Full house at Kyle Field. Photo: Paul Kapustka, MSR

With its new “global consortium” of companies that supply different parts and services of the connected-stadium experience, IBM could be an attractive choice to a customer that doesn’t have its own technical expertise, providing a soup-to-nuts package that could conceivably handle tasks like in-stadium IPTV, DAS and Wi-Fi, construction and stadium design, and backbone bandwidth solutions.

However, IBM will be going up against vendors who have led deployments on their own, and league-led “consortium” type arrangements like MLBAM’s project that brought Wi-Fi to almost all the Major League Baseball stadiums, and the NFL’s list of preferred suppliers like Extreme Networks for Wi-Fi and YinzCam for apps. Also in the mix are third-party integrators like CDW, Mobilitie, 5 Bars, Boingo Wireless and others who are already active in the stadium-technology deployment space. And don’t forget HP, which bought Wi-Fi gear supplier Aruba Networks earlier this year.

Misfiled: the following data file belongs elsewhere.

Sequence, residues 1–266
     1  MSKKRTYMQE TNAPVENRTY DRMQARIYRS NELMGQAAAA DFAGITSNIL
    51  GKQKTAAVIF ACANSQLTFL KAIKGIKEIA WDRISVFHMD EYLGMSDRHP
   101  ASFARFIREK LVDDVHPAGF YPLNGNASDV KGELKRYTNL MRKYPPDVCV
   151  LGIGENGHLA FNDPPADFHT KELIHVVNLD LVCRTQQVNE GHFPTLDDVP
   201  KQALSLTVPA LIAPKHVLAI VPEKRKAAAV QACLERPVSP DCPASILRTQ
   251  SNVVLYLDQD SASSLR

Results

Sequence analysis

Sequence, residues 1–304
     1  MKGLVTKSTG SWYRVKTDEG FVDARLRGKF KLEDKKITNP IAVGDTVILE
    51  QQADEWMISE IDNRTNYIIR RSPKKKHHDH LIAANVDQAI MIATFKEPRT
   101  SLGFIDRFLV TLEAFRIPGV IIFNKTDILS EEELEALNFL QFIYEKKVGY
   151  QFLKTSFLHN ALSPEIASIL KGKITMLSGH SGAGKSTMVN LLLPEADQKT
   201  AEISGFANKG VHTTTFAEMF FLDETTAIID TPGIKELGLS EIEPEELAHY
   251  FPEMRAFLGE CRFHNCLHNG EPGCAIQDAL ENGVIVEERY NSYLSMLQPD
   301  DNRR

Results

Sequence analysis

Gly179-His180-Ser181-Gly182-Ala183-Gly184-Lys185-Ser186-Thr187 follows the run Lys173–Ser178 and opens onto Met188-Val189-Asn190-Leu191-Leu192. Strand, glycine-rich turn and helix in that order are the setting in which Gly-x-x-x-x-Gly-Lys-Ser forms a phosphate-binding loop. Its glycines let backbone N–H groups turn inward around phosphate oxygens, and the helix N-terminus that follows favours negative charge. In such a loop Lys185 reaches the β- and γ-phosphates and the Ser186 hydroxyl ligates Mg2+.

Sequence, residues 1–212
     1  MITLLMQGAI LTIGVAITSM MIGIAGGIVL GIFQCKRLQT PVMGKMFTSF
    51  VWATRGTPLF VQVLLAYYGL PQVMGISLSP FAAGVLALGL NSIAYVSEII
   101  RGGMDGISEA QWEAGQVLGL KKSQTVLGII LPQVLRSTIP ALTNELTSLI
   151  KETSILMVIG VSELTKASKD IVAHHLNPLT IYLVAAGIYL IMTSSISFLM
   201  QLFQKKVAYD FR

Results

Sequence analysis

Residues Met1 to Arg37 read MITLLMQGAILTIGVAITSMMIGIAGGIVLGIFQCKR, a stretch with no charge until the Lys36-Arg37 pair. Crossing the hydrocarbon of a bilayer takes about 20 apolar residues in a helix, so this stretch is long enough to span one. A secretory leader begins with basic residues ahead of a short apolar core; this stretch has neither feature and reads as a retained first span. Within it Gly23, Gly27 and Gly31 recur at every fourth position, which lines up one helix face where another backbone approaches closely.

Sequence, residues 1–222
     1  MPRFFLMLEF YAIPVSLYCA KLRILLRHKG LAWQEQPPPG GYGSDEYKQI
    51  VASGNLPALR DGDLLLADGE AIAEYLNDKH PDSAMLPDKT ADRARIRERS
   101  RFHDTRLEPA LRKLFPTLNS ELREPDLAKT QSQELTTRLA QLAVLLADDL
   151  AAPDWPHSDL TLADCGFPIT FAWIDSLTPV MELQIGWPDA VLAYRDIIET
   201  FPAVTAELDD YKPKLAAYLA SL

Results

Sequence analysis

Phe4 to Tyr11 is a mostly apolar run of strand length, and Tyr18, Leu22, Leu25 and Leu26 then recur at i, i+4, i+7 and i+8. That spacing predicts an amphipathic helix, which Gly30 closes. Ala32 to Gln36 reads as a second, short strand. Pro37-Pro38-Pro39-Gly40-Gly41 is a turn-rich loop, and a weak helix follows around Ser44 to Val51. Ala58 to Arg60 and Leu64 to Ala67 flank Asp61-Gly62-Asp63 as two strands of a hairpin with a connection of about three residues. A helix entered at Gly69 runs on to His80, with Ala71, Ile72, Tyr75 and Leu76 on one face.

Certainly, we expect to hear more from IBM soon, and perhaps right now it’s best to close by repeating what we heard from Jared Miller, chief technology officer for Falcons owner Arthur Blank’s namesake AMB Sports and Entertainment (AMBSE) group, when we asked earlier this year why the Falcons picked IBM to build the technology in the new Atlanta stadium:

Remote optical cabinet and Wi-Fi AP at Kyle Field. Photo: Paul Kapustka, MSR

Remote optical cabinet and Wi-Fi AP at Kyle Field. Photo: Paul Kapustka, MSR

“IBM is unique with its span of technology footprint,” Miller said. He also cited IBM’s ability to not just deploy technology but to also help determine what the technology could be used for, with analytics and application design.